but it is "physically" impossible for both of you to put that same pack in both baskets.

the reason I am emphasising on the word "physically" is that all the templates, patterns and scenarios that we are using in software industry are coming from real world examples, this question  is a functional requirement type question, but even design patterns that we use within our designs, are initiated from construction industry,so you should always consider real-world examples ,

Answer #5    Answered By: Rachel Barnes     Answered On: Jun 27

yes you are right sasan
I agree with real world senarios
but real world senario of e-shop is more like order by phone shops.
in order by phone you may order some thing and when they bring your staff they may tell you
we are sorry we run out of X and they may also tell you that they have bringed you Y instead!
I mean they usually don't let customer go! :D
or better say they use optimistic locking and they use "excuse me" or "replacement strategy" to handle exceptions! ;-)

Answer #6    Answered By: Julio Morgan     Answered On: Jun 27

but the operator should also be careful of not making the customer confused.

they can simply tell you that the item  is reserved by someone else, you may come back later or we will let you know shortly if it becomes available, but they can't let you have it and then take it away from your hand, :)

it is the same as buying a house, you might give  an offer on a house and claim to buy it, so others can only wait and see if you are definitely going to buy it, if not, they will start to bid, but what is guaranteed is that, the agent that wants to sell the house , as you said, surely doesn't want to loose either of the customers.

keeping it simple, will make it easier for both operator and customer to deal with it easier, that's how I look at it anyway, but I guess it is up to the implementation to make the nice and neat for the customer to encourage them to come back, by having services such as notification of availability  of the items,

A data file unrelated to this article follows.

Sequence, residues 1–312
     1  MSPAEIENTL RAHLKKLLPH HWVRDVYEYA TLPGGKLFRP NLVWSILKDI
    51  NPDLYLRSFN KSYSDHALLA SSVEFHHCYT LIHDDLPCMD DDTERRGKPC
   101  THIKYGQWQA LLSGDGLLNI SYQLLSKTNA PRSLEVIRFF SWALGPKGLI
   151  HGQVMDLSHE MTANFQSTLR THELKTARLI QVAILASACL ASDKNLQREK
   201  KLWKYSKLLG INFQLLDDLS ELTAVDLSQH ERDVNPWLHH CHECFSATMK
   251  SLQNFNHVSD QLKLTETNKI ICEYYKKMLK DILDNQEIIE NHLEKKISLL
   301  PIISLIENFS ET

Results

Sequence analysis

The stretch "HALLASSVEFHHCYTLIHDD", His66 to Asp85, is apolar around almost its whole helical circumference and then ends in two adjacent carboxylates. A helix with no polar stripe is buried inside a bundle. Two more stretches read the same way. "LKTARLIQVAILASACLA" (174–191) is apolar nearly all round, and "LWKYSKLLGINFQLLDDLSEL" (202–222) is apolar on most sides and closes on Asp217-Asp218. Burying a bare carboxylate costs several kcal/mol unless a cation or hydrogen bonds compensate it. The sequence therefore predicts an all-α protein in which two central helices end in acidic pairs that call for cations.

Answer #7    Answered By: Opal Alexander     Answered On: Jun 27

yes you are right I think a lot about this, and after one day of thinking I reached to this conclusion that it should depend on business.
for example the correct solution for buying house will not work on grocery store.

Answer #8    Answered By: Coleman Smith     Answered On: Jun 27

no necessarily; there is one thing in common, and that is the reliability of service,
the seller can not promise you something that can not fulfill. even in grocery store if someone wants to buy the last pack of apples, what are you going to do? either watch the guy or come back tomorrow,

looking at e-shopping examples, such as amazon, if there is no item  i.e. book available, they won't promise you one, all they do is asking you if you want to register for the item and they will let you know as soon as it becomes available.

at the end of the day, its just the system  engineers' decision as how they want their system to function, unless you can think of another solution,

the prerequisite for this use-case was that the system can not offer more than one of the available item, so in case two actors are using this purchase use-case, how your system is going to respond for this alternate?

Answer #9    Answered By: Benny Torres     Answered On: Jun 27

I think about your scenario,

Solution one :
Let both of them to add item  
in their baskets and at the end of their sessions
that decide to confirm their shopping, if item catch by some one give  Correct Sign to another.

Solution two :
Don't let both of them to add  item to their baskets and keep your item
Sync, that it means  you should risk about some item in some times Lock or disable to choose  about it And attention to this advice that you should keep item Sync because until item quit (Give Up) from some one, item shows UnLock.

But if you could keep Sync your Object in all sessions of customers, it (Solution two) is better, because your customers don't wanna waste their time  and return to choose another or find out it is like a joke to choose their favorite Item.

Answer #10    Answered By: Ulfah Hashmi     Answered On: Jun 27

you are right, if I ever let user  B to buy T, A will definately loose his trust into the program and surely will not come back again. so I will need to provide something like a wishlist to add  T for later availability  and inform B of that.
anyway, thatnk you all.